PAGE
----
Why should I tell a story?

Written by

Jeff Davenport

Business communication gurus have been touting the importance of using story to influence listeners for years. Because of this, most communicators understand the value of telling a story in a customer conversation, a team meeting, a one-on-one, or a keynote.

But what’s so great about telling a story?

Instead of answering this question from a communicator’s perspective, let’s look at it from the view of a listener. Doing so helps us take a more empathetic view of what our own audience wants and needs, leading us to give them the same things we as listeners crave.

Stories Engage Listeners

Have you ever been listening to a presentation and the speaker suddenly says, “Let me tell you a story”? For most of us, our ears perk up, we look up from our phones, and we give the presenter our attention.

Why? Because we love stories. Stories hit our brains at an angle straightforward facts, data, or statements simply cannot. Studies show when we hear a story, our brains release dopamine into our bloodstreams. Following the progression of a story produces a profound feeling of pleasure.

After a lifetime of experiencing stories—TV shows, movies, novels—our brains know stories give us a pleasure kick and, like Pavlov’s famous dog, our brains’ mouths water knowing we’re about to hear one.

Is it bad for a communicator to use facts, data, or statements? No. Not at all. They appeal to the logical side of listeners’ minds. But stories engage minds in a different way, bringing those other elements to life. As author Lisa Cron puts it in her book Story or Die, “Story is what humanizes facts and makes them accessible.”

Again, think of yourself as a listener. Do relevant, well-told, effectively structured stories engage you? Do they help get your attention, re-focusing you on the speaker and the topic at hand? Do you even feel a little relieved when a communicator tells a story after having been in facts, data, and statements mode?

What’s good for you is good for your listeners. At Duarte, our golden rule is, “Never give a presentation you wouldn’t want to sit through.” Would you want to sit through a presentation without a story? If not, don’t be the kind of presenter who overlooks story to the detriment of your audience and their story hungry brains.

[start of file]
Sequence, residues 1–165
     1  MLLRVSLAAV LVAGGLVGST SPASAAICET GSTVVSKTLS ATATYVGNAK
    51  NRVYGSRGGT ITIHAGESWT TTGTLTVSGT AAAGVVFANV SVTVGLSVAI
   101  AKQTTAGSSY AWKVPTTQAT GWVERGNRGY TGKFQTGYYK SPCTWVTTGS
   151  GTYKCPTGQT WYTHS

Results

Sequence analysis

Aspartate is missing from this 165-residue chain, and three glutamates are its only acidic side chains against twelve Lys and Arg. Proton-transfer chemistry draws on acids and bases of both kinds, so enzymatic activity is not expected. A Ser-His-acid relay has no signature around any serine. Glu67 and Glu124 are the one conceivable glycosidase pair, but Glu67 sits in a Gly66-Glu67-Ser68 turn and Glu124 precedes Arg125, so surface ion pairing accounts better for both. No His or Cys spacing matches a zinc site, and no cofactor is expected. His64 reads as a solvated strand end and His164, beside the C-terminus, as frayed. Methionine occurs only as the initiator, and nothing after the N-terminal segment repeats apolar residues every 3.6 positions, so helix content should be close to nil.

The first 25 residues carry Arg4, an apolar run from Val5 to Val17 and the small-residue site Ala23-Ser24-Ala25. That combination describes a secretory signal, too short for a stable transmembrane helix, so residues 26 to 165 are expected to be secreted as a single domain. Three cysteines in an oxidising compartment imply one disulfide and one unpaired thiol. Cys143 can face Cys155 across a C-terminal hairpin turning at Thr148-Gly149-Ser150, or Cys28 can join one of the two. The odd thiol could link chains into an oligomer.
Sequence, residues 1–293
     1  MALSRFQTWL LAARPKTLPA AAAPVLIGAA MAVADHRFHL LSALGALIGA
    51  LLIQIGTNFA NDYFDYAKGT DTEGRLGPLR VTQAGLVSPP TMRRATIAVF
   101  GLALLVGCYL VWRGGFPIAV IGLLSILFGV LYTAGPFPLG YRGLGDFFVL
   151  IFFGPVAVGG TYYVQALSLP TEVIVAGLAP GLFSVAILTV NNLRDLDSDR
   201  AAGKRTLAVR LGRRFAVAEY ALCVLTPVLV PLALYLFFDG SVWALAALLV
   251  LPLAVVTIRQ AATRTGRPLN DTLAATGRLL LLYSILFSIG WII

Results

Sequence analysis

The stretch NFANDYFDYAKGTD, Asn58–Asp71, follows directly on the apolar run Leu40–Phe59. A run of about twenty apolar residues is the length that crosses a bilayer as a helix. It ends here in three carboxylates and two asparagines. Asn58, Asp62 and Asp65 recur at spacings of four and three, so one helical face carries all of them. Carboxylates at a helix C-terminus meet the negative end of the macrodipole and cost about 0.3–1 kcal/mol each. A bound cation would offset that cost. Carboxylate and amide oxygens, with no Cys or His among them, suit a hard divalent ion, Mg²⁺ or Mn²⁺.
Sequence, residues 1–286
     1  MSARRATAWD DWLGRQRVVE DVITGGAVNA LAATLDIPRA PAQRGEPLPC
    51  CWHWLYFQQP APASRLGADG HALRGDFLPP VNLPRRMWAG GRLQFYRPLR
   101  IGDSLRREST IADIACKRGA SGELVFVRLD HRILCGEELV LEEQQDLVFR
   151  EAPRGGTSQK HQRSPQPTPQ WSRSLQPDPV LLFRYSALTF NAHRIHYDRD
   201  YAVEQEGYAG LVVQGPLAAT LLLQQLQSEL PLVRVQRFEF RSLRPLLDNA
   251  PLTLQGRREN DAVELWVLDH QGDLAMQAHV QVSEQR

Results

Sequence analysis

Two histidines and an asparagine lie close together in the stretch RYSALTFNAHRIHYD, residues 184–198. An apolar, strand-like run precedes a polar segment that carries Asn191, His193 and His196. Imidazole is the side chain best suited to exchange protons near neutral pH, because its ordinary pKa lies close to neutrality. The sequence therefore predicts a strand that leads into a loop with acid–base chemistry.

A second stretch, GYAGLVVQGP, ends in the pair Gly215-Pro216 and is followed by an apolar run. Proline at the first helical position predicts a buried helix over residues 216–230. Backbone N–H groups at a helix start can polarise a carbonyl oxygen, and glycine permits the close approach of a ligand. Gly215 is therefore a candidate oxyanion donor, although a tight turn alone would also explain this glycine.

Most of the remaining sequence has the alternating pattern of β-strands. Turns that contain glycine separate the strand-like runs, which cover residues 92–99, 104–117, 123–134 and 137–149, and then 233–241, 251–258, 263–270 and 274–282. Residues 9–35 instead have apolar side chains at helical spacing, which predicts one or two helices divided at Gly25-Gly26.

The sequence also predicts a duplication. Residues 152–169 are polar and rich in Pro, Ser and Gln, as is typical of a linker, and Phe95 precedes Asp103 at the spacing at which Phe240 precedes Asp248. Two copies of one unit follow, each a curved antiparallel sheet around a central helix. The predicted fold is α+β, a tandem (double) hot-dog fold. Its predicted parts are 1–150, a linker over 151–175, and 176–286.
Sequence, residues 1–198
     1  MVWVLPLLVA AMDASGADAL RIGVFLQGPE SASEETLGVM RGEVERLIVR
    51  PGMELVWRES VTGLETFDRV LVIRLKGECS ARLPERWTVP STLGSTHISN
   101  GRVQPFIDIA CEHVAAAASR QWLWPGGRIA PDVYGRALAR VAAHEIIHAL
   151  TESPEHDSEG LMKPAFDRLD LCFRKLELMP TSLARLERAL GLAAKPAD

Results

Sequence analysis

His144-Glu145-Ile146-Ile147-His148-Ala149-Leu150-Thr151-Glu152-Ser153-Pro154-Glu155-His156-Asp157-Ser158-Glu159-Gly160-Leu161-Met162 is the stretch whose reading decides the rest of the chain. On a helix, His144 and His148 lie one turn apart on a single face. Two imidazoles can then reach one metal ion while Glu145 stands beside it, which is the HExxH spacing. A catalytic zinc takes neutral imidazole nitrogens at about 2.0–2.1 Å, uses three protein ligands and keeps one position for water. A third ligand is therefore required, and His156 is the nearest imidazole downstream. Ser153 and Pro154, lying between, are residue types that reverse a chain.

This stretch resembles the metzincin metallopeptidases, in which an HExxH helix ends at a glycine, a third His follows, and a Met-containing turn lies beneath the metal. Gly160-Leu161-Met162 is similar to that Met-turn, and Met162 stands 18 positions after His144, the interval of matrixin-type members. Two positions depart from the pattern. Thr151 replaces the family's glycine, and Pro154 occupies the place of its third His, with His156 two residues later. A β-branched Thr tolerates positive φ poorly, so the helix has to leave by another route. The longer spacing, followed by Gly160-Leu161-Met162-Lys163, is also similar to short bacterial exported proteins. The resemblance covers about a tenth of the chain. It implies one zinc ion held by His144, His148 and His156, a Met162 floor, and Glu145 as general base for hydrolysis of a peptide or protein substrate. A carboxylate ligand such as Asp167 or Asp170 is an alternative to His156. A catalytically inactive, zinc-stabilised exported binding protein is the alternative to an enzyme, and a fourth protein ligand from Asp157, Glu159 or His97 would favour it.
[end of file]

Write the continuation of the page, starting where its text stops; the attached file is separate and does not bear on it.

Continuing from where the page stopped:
Stories Build Connections

Imagine you’re listening to a leader communicate to an audience about the common challenges they face. The leader offers advice and direction about how listeners can change tactics and overcome their obstacles. Basically, the leader is communicating a fair amount of instruction.

Then, the leader opens up and tells a story about a time when they faced a similar challenge. They confess their shortcomings in terms of skills, mindsets, self-doubt, or overall insecurities. Then, they talk about how they either succumbed to those shortcomings and missed their goal, or discovered a tool (product, insight, or guidance) which helped them reach their goal.

How would a story like that affect your view of the leader?

Would your eyes go wide, shocked that a leader was, in fact, fallible? Would your respect for the leader plummet because they admitted a time when they didn’t naturally have what it took to succeed? Would you see them worse than you saw them before?

Or would you gain admiration and respect for the leader? Would something in you appreciate their humility and openness? Would you see them less as a superhero and more as a human with the ability to grow and change and find the tools necessary to succeed?

Would you be more willing to take their advice on how to face your challenges by hearing the story of how they learned (the hard way) to face theirs? And, by the end of the story, would you feel more connected to that leader?

Often, leaders feel a hesitancy to open up and share personal stories. Why? Because many people have been taught that vulnerability equals weakness. But this isn’t true.